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Scouting the Ravens: How Will Bill Belichick Aim to Shut Down Lamar Jackson?

The Patriots are feeling better about themselves coming off last week’s win in Pittsburgh, but now Bill Belichick’s defense will face its toughest test at quarterback.

Baltimore Ravens quarterback Lamar Jackson (8) against the New England Patriots in 2020.
Baltimore Ravens quarterback Lamar Jackson (8) against the New England Patriots in 2020.

The Patriots are feeling better about themselves coming off last week's win in Pittsburgh, but now Bill Belichick's defense will face its toughest test at quarterback. 

Trending towards another NFL MVP-caliber campaign, Ravens quarterback Lamar Jackson has accounted for 89 percent of Baltimore's total offensive output and all seven of their touchdowns. With the Ravens still figuring out their running back situation, Lamar is their running game, and he has also solved his struggles against the blitz so far this season. 

Whenever Belichick needs to devise a plan to slow down one of the NFL's best quarterbacks, watching the chess match and how the Pats head coach attempts to limit them is fascinating.

With that in mind, here's how the Ravens highlight Jackson's best traits in one of the most explosive offenses in the NFL and ways the Patriots might try to defend Baltimore on Sunday. 


Every Lamar Jackson game plan starts with defending the designed quarterback runs in the Ravens arsenal. Baltimore typically features gap schemes such as QB power or counter designs, which aim to fold the defense and create downhill creases for Jackson to burst through for chunk gains.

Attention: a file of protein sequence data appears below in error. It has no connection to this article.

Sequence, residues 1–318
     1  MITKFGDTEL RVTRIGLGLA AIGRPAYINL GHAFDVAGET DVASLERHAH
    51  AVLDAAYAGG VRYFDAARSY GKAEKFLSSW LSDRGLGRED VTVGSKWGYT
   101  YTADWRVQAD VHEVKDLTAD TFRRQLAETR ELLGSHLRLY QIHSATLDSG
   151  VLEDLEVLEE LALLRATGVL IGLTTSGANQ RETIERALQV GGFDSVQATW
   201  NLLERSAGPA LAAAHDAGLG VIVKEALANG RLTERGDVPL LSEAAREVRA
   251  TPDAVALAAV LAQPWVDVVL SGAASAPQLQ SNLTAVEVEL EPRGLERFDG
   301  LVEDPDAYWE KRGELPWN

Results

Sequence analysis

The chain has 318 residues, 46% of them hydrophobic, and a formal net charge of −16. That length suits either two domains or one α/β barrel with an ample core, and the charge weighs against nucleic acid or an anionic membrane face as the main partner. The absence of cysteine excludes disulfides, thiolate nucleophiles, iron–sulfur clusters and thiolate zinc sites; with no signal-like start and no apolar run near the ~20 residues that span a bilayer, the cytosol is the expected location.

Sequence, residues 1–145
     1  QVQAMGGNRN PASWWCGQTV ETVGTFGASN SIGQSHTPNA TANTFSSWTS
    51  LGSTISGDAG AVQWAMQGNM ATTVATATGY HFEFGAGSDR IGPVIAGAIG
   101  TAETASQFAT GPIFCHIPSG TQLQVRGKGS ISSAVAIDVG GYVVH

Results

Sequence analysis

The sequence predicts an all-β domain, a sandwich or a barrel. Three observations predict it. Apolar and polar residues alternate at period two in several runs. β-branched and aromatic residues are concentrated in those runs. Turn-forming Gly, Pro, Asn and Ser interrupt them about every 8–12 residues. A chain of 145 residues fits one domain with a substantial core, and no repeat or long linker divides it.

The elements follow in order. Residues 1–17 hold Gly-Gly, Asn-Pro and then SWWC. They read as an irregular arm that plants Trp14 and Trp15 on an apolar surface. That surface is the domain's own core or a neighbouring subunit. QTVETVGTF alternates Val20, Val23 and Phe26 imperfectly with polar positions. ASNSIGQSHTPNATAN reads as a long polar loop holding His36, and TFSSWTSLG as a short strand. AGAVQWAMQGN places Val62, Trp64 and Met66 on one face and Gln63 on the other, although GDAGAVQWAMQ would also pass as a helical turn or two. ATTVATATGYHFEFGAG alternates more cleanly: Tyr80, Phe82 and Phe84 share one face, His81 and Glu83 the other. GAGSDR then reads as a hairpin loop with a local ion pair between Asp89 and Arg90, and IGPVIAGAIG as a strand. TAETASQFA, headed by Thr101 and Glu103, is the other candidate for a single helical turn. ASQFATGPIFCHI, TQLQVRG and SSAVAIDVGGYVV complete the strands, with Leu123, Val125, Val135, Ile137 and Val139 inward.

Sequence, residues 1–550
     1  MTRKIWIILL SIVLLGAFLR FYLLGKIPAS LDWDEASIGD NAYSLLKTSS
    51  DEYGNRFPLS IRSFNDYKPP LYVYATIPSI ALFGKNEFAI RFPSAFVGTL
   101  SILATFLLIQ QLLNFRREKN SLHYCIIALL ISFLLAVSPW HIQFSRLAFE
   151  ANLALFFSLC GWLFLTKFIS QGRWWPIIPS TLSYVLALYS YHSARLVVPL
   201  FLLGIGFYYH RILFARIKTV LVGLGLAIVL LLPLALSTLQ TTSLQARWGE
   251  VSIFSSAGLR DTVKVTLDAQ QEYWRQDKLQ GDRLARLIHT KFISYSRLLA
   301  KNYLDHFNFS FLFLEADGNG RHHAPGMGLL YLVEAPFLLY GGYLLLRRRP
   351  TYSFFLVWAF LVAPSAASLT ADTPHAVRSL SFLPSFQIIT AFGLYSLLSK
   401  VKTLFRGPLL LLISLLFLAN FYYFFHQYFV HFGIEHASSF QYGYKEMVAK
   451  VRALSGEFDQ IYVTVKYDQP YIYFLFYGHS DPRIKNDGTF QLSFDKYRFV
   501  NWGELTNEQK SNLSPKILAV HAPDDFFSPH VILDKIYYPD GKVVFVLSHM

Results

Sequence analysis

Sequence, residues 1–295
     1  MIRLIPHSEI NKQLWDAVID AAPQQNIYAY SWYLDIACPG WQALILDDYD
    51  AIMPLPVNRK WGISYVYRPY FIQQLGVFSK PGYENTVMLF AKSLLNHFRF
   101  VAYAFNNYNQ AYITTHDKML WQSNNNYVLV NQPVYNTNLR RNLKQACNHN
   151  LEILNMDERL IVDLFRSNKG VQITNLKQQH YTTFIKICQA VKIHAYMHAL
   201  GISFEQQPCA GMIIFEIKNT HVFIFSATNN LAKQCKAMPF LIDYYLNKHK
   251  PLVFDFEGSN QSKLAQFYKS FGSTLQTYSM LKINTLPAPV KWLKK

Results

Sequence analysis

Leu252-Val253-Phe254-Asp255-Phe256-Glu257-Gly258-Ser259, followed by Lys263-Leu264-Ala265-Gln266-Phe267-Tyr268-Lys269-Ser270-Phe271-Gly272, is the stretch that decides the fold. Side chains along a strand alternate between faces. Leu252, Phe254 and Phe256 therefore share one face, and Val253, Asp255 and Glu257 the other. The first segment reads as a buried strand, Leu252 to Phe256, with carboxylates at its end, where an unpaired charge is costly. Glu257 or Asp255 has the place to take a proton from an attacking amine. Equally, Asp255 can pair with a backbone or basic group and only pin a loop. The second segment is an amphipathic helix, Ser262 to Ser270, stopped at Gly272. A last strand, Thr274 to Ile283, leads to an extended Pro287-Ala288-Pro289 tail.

Plus, the Ravens have the second-highest rate of motion at the snap, using different escort or lead motions to add blockers into the running game to gain the numbers advantage.

"It really forces a lot of eye discipline for the off-the-ball players, the linebackers and safeties. The guys who are on the ball don't see all of that. They see the blocking scheme in front of them, who's attacking them, who's blocking them, and what type of block they are trying to make on them. They react to that. Whether it's a cut-off block, a reach block, a base block, a high arm, whatever it is. They're really playing the blocker and finding the ball."

"It's the guys on the second level, the linebackers, the safeties, could be corners involved, whoever those players are, trying to sort out who's got who depending on what coverage you're in. Do we switch it? Are we locked? Is it a three-man switch? Is it a two-man switch? Who's got the back after he fakes, after all the crisscrossing happens? Who's got the quarterback? Just takes a lot of discipline, and I'd say pre-snap communication." 

"The offense does that to try to keep you off-balance and keep the defense confused or hesitant. You try to set rules, guidelines on how to play those things," Patriots head coach Bill Belichick told this week. 

Last week, Jackson's 79-yard touchdown against the Dolphins was a great example of the stress Baltimore's designed runs put on the defense and Jackson's explosiveness as a runner.

Baltimore is blocking QB power read with Lamar in the shotgun and a pulling guard climbing to the MIKE linebacker. As speedster Devin Duvernay comes in motion, the running back next to Jackson releases as a lead blocker for Duvernay in case Lamar hands it off. The motion causes Miami's deep safety, Jevon Holland, to come down towards the line of scrimmage, taking away the depth of the defense. The pulling guard blocks linebacker Elandon Roberts in the hole, and Jackson bursts through the line and runs to pay dirt essentially untouched.